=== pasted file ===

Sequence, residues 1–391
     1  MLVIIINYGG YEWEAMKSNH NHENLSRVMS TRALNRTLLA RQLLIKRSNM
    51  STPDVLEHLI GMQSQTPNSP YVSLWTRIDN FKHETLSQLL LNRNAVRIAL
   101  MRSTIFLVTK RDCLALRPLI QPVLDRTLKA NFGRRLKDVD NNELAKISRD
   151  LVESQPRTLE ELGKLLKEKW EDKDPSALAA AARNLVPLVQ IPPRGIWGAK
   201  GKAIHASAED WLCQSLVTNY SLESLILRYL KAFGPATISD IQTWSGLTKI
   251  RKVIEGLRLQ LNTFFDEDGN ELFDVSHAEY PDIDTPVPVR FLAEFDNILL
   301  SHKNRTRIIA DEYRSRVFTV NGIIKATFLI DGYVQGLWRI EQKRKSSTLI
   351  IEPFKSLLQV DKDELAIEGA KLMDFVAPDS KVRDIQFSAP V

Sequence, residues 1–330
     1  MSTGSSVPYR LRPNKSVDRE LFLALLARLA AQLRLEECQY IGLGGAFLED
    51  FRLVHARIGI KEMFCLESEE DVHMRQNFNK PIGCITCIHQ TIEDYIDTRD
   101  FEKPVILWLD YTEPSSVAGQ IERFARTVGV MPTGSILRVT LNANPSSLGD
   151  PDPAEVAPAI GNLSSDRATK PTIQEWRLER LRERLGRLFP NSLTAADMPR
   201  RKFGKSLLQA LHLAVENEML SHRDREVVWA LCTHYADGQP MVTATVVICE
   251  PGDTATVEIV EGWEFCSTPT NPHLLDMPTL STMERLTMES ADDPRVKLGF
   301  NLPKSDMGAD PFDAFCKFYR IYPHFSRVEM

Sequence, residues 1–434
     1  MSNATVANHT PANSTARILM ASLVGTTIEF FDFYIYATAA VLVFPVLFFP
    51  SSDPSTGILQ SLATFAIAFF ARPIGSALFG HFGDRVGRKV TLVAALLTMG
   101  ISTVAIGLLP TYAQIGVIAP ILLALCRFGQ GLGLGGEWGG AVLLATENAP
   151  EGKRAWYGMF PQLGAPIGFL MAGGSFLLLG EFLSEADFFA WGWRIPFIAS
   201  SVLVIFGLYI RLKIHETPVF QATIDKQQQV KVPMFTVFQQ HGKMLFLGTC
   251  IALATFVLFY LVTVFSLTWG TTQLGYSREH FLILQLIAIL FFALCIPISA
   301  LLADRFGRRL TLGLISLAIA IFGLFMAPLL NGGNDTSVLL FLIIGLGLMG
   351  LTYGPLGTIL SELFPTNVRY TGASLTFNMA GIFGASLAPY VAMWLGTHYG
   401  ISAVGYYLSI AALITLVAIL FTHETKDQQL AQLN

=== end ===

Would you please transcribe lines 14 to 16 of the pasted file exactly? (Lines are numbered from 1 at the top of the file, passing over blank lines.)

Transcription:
   151  PDPAEVAPAI GNLSSDRATK PTIQEWRLER LRERLGRLFP NSLTAADMPR
   201  RKFGKSLLQA LHLAVENEML SHRDREVVWA LCTHYADGQP MVTATVVICE
   251  PGDTATVEIV EGWEFCSTPT NPHLLDMPTL STMERLTMES ADDPRVKLGF